If Kendricks walks in free agency, the Rams will be in desperate need of another run-blocking tight end. That's not to say the Rams will target a tight end in the first two rounds, but it would not be overly shocking to see the Rams go that route in the third or fourth round. 

    If the Rams ignore the tight end position, it's clear that the team either has faith in Cory Harkey (who began to blossom towards the end of last season), or that the team is simply willing to wait until the 2015 draft for a replacement. 

Greg Robinson Is a Project: Fiction

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    There's a common belief among draft gurus that Jake Matthews is the more polished, pro-ready player, while Greg Robinson is a project who is selling mere potential. But that couldn't be further from the truth. 

    Robinson is every bit as pro-ready as his SEC rival. Except, unlike Matthews, Robinson possesses unlimited potential and an enormous ceiling. 

    Robinson didn't have as many pass-blocking opportunities as Matthews, but he had some. He made the Missouri defenders—the best pass-rushing group in the SEC—look completely useless. He took them completely out of the game. 

    And forget about pass blocking. That's a skill that can be taught quite easily. Robinson's strength as a brute run-blocker is what the Rams truly value, and that's a skill that simply cannot be taught. 

    This is the NFC West. The Rams need a tackle who can level opponents and pave the roads. Let New Orleans and Denver draft the finesse pass-blockers, because that doesn't fly in the West. 

The Debate over Who to Draft at No. 2 Overall Is Somewhat Pointless: Fact

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    Mary Altaffer

    It's true... the debate over who to draft No. 2 overall—a debate that has been raging on for months—is all likely a moot point.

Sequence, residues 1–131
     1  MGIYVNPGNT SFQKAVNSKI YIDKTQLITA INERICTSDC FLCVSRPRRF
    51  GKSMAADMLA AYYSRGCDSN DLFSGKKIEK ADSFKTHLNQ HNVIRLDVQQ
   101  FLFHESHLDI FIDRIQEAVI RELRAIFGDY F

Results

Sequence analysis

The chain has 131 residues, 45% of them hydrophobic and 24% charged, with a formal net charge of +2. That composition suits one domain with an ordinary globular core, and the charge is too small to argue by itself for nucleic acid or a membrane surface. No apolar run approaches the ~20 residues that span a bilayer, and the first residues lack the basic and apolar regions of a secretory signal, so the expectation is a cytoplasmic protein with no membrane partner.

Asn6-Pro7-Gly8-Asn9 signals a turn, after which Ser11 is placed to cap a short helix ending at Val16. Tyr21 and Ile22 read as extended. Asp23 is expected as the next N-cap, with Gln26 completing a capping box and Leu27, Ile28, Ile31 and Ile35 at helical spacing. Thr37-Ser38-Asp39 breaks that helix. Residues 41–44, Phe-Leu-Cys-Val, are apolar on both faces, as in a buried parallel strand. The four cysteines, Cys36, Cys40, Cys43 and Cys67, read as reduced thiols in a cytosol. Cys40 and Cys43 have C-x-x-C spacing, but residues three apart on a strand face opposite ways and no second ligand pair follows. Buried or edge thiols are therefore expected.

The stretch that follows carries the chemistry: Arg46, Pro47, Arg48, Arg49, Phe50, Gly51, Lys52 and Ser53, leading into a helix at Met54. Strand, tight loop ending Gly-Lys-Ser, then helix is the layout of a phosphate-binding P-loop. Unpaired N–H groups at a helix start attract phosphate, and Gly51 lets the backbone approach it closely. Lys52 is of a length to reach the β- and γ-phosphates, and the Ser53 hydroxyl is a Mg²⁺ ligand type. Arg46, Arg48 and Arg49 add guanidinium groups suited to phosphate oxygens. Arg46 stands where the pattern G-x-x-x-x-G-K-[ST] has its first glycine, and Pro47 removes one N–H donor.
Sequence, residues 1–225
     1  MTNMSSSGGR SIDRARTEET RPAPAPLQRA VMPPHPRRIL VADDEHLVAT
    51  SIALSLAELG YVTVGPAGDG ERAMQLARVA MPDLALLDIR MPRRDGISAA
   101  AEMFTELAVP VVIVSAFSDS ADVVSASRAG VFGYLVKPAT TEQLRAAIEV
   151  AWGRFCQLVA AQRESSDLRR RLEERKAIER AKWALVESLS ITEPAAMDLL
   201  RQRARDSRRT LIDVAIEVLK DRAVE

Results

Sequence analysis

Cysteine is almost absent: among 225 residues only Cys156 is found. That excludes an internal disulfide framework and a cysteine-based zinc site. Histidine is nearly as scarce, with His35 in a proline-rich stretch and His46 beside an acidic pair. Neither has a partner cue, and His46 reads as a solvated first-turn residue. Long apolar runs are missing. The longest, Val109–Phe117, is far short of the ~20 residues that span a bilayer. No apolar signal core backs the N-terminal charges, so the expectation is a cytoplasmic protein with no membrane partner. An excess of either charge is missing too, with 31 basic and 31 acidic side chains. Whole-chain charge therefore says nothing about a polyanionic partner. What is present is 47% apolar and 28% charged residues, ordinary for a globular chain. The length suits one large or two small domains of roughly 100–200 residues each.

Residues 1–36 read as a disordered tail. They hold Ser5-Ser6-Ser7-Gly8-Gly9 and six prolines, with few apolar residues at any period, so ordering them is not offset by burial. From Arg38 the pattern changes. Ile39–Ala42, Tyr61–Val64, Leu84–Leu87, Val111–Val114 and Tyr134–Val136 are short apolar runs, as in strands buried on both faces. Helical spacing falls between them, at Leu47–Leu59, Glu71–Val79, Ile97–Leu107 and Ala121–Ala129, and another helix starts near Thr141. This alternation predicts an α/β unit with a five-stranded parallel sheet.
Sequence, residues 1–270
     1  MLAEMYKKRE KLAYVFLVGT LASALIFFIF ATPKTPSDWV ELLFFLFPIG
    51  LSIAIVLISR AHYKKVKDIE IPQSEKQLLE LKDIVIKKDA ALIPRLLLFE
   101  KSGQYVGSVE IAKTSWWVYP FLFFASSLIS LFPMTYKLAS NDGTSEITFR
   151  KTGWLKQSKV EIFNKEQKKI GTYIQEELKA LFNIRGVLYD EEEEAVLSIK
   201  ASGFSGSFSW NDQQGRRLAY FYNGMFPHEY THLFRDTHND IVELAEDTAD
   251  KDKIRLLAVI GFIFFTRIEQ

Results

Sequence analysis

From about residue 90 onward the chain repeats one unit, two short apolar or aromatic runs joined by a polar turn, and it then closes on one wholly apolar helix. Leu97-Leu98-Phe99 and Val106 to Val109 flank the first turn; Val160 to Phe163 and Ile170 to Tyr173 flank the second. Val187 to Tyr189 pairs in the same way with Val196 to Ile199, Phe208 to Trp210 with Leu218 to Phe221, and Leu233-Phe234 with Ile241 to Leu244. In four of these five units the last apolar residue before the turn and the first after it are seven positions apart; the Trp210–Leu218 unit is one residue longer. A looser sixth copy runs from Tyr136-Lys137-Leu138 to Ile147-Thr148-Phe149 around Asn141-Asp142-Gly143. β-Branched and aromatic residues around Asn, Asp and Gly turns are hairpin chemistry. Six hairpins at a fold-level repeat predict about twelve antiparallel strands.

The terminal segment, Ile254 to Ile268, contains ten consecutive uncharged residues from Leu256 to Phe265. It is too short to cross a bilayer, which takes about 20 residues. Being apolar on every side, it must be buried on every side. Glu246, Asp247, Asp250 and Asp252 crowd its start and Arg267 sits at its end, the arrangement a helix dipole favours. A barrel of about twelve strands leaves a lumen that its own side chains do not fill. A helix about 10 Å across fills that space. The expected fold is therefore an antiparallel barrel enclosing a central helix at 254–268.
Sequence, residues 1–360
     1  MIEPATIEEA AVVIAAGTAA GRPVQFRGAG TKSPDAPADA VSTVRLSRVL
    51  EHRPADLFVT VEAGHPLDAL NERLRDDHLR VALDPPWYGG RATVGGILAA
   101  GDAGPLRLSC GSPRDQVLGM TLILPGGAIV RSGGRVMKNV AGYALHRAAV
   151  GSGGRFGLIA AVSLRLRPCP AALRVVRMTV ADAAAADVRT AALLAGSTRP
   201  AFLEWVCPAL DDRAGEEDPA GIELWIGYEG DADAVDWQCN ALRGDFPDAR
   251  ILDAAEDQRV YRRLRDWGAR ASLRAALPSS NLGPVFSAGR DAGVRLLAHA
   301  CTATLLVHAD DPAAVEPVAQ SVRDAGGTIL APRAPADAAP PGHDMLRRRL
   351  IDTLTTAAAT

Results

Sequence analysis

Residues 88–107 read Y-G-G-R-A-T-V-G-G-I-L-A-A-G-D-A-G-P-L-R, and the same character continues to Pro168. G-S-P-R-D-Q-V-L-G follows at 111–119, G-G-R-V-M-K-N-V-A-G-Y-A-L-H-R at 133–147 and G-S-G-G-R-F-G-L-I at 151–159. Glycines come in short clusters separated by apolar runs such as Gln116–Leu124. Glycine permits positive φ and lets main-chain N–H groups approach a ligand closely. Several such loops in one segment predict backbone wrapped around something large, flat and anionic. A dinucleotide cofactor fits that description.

According to Greg Bedard of The MMQB, the Rams are actively shopping the No. 2 pick, which is no surprise given Snead's reputation as a wheeler and dealer. 

    At this point, the Rams staying put at No. 2 would be more shocking than a trade down. It's more a question of "when" rather than "if."

    So, if you're overly attached to a potential target at No. 2... let this be your warning. Be prepared to let it go. 

Sammy Watkins Is the Only WR with True No. 1 Potential: Fiction

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    Patric Schneider

    Rams fans are excited over the possibility of adding Sammy Watkins to the arsenal, but they tend to view the other receivers from this class with apathy. 

    There's little doubt that Watkins is an exciting talent and clearly the top prospect of the bunch, but this class is packed with awesome talent at the position.

    Mike Evans (Texas A&M) is physical monster on the outside. He's the type of receiver the Rams were hoping to get with Brian Quick and Austin Pettis. He should not be overlooked at No. 13 overall. 

    Even the second round has talents that should not be overlooked—such as Jordan Matthews (Vanderbilt), Marqise Lee (USC) and Kelvin Benjamin (Florida State). 

    Some feel the Rams should shy away from the so-called second-tier receivers due to past failures—Quick, Donnie Avery, Pettis—but the Rams must approach the draft logically and not steer away from a certain players due the past shortcomings of others.